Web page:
Aziz Ansari: Lena Waithe Breaks Silence on Allegations Against 'Master of None' Co-Star

Aziz ansari lena waithe emmys 2017
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'The Chi' creator, who won an Emmy with Ansari, opened up to 89.3 KPCC's The Frame about consent, Time's Up and choosing sides.

Lena Waithe believes education and dialogue is a vital part of the Time's Up initiative.

The Chi creator, who also stars on Master of None with Aziz Ansari, opened up in an interview on KPCC's The Frame radio show about the recent allegation against her co-star -- with whom she shares an Emmy for Outstanding Writing for a Comedy Series -- and why there needs to be a "re-education" of what consent means.

"Here's the truth — in every situation, it's not always black and white," the 33-year-old actress and filmmaker explained. "And I know that's simple for people, and it's easy for people to [ask], 'Whose side are you on?' There are no sides, really, in some of these scenarios. I'm not on Harvey Weinstein's side, I'm not on Kevin Spacey's side. But I think you have to take each situation [individually]. You can't just say, 'Well, I'm on this person's team, or I'm on that person's team.' It doesn't work that way."

"And I think if we're unwilling to have a dialogue, we're gonna continue to keep hitting our heads against the wall," she added. "We have to start reeducating ourselves about what consent is, what's appropriate behavior at the workplace. We have to create codes of conduct. Those are things that we need."

"'Cause also I think there's an element of — how do you know if you're breaking a rule if you aren't aware of the rules? Or how do you know what appropriate behavior is if no one's ever communicated to you what appropriate behavior is?" Waithe posited. "Even though some people may assume, 'Well, of course we all know what appropriate behavior is,' but some people may not know."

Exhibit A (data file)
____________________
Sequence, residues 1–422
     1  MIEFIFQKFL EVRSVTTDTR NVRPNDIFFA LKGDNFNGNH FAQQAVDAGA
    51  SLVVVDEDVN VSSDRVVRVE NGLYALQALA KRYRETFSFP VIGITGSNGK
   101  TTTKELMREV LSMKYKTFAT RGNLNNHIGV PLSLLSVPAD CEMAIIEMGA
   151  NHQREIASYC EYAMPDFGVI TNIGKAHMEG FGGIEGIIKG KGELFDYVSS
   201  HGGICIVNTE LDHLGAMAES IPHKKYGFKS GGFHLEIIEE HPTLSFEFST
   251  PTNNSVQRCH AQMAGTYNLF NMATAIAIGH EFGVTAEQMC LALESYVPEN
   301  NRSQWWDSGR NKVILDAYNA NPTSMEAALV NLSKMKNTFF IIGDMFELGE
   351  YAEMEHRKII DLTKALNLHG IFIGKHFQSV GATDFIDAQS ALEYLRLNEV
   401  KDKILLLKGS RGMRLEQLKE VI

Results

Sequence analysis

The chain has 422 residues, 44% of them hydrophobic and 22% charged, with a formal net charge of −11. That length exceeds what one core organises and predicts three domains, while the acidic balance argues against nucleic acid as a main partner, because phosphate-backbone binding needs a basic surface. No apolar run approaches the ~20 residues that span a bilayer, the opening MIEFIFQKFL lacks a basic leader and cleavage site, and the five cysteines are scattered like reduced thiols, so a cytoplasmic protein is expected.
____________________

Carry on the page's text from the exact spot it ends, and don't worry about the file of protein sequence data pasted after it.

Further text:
Education over just apologizing and moving on, Waithe feels, is key.

"It's about really educating ourselves and not stepping in it and just [saying], 'Oh, I'm sorry. My bad' — and sort of keep going. But it's about really sitting with yourself and educating yourself in terms of what consent is, what it looks like, what it feels like, what it sounds like. And all of us starting to really act accordingly based on this new information that I think we have now," she explained. "We all gotta start talking to each other, start educating each other."

Get more of her interview here.

The allegation against Ansari was published on, where a 23-year-old photographer, who chose to remain anonymous, claimed that she and the 34-year-old actor went on a date in New York City in 2017, after which, she claimed they went to his apartment where they engaged in sexual activity, which she says left her feeling "violated." 

"In September of last year, I met a woman at a party. We exchanged numbers. We texted back and forth and eventually went on a date. We went out to dinner, and afterwards we ended up engaging in sexual activity, which by all indications was completely consensual," Ansari said in a statement after the story came out.

"The next day, I got a text from her saying that although 'it may have seemed okay,' upon further reflection, she felt uncomfortable," he continued. "It was true that everything did seem okay to me, so when I heard that it was not the case for her, I was surprised and concerned. I took her words to heart and responded privately after taking the time to process what she had said."
"I continue to support the movement that is happening in our culture. It is necessary and long overdue," he concluded, seemingly referencing the #MeToo movement as well as #TimesUp, which he supported at the Golden Globes, wearing both all black and the pin.